Ability vs. Motivation: “Can Do” vs. “Will Do” Job Performance (Part I)
Companies spend a good deal of money trying to attract and retain highly competent employees. Why wouldn’t they? There’s plenty of evidence showing that ability or intelligence (in cognitively demanding jobs) are the best predictors of job performance (Schmidt et al., 1992). That said, let’s not forget about the power of motivation and it can compensate for lack of ability.
One of my favorite motivation-related quotes comes from Calvin Coolidge – the 30th President of the United States:
“Nothing in the world can take the place of persistence. Talent will not; nothing is more common than unsuccessful men with talent. Genius will not; unrewarded genius is almost a proverb. Education will not; the world is full of educated derelicts. Persistence and determination alone are omnipotent. The slogan, ‘press on’ has solved, and always will solve, the problems of the human race.” (see www.pbs.org)
There’s clearly a difference between one’s ability (what one “can do”) and one’s motivation (what one is “willing to do”). While this may seem like common sense, you may be surprised to find that when it comes to job performance, the correlation between these two variables is negligible — in other words, there’s no guarantee that just because a person is capable of doing a good job, that he/she will.
Cronbach (yes, the same guy who formulated Crobach’s Alpha for estimating test reliability) was one of the first to distinguish between what he called “typical” vs. “maximum” performance (Cronbach, 1970). He suggested that this distinction be taken into account when mapping out the job performance space and designing performance appraisals.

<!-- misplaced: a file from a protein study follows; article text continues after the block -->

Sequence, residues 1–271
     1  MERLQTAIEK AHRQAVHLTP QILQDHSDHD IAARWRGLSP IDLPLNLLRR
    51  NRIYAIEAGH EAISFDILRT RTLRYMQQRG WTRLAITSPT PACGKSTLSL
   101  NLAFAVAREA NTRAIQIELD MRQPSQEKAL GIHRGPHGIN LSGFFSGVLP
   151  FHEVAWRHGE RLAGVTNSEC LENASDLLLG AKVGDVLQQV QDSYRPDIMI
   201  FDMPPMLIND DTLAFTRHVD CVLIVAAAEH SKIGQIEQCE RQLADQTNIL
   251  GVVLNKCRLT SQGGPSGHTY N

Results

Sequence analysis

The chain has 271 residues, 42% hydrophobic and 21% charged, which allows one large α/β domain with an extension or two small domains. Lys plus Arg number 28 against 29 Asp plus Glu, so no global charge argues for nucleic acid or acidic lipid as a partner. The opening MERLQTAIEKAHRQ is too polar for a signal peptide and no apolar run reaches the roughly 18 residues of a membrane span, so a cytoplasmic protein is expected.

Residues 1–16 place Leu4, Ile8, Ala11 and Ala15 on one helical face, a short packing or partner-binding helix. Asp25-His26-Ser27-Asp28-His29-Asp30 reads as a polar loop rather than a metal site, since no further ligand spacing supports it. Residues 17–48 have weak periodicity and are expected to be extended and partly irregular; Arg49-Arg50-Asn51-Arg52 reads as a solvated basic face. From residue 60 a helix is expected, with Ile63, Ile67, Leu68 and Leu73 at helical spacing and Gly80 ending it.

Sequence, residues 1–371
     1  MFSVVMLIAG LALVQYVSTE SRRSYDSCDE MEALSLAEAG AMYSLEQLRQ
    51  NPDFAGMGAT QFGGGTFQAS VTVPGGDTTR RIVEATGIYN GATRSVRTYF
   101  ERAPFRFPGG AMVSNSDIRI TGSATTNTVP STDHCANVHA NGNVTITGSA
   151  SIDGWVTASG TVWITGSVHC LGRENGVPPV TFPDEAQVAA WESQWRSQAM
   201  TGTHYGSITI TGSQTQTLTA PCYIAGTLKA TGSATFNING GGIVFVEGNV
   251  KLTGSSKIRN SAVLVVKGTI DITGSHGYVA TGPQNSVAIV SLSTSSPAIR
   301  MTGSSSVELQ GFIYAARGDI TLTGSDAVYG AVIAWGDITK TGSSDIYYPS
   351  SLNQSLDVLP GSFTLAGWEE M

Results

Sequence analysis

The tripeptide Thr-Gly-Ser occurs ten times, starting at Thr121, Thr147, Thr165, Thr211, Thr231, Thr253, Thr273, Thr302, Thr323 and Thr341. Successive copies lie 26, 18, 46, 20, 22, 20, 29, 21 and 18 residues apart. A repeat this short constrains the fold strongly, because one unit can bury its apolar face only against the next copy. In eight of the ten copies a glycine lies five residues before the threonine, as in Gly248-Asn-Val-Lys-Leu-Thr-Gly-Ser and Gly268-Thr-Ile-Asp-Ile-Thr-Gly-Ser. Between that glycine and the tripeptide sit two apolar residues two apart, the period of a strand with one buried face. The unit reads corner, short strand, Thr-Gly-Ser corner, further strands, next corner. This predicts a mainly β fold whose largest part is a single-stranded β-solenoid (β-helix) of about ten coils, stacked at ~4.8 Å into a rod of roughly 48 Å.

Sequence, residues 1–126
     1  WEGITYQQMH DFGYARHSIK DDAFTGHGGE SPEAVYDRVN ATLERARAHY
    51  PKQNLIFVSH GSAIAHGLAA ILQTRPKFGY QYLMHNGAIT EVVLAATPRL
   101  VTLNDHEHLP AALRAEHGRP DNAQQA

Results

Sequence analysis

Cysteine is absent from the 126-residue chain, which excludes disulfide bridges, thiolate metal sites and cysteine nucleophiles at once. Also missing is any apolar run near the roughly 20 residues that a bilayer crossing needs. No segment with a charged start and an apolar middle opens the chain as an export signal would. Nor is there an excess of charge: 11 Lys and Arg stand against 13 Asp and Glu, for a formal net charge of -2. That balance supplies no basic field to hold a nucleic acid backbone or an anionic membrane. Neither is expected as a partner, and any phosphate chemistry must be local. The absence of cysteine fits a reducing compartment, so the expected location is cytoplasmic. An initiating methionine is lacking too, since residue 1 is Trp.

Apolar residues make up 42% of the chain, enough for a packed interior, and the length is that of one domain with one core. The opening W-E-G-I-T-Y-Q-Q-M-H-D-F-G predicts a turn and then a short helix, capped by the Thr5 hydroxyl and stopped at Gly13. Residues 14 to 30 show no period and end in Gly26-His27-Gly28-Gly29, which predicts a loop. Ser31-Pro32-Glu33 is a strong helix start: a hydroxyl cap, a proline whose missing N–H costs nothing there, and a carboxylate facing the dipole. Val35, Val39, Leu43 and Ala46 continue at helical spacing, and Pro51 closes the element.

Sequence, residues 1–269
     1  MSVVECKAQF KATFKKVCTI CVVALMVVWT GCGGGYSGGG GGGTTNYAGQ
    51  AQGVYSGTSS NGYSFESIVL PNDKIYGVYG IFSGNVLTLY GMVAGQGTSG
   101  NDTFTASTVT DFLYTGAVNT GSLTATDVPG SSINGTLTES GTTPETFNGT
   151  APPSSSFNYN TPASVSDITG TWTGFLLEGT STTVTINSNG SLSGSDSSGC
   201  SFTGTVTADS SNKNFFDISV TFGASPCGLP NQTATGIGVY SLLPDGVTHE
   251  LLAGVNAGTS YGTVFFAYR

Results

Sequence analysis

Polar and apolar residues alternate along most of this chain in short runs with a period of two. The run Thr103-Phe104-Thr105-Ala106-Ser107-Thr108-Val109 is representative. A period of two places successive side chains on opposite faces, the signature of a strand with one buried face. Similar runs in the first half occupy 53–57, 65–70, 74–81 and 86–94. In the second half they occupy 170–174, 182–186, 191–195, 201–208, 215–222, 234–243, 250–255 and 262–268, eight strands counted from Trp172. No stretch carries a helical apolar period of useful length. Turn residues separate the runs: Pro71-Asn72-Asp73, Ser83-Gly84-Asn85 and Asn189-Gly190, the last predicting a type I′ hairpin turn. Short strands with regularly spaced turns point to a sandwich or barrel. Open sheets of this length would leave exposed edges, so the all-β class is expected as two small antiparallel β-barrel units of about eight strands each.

To see how closely one’s capability (can-do job performance) matches one’s motivation (will-do job performance), a team of researchers examined the performance of 1,370 supermarket cashiers (Sackett, Zedeck, & Fogli, 1988). Performance here was obtained by keeping track of speed (items scanned per miniute) and accuracy (number of voids due to error) of grocery items rung-up by each cashier.
Cashiers’ performance was examined under two different conditions. In the first, cashiers were told that they would be observed and that their goal was to achieve both high speed and high accuracy. In the second condition, no observers were present and data were collected solely through electronic scanning machines without the knowledge of cashiers. In both conditions, the exact same 25 grocery items were included in the shopping cart.
Results showed a correlation of .16 in the first sample and .36 in the second sample. In other words, at best, the performance correspondence between what one “can do” and what one is “willing to do” is only low to moderate.
This brings us to the question of ability versus motivation. Obviously, the best case is when an organization hires an employee who is highly capable and highly motivated (I’m talking about natural motivation and not just high motivation during the honeymoon period or the first few months on the job). The worst case scenario is when a company hires someone who has low ability and low motivation — this, by the way, is a hopeless situation. However, for the other two remaining combinations (high ability + low motivation; low ability + high motivation), there is some hope of compensating for either insufficient ability or motivation.
In the next article, I’ll discuss what companies can do to address the high ability + low motivation employee and low ability + high motivation employee.
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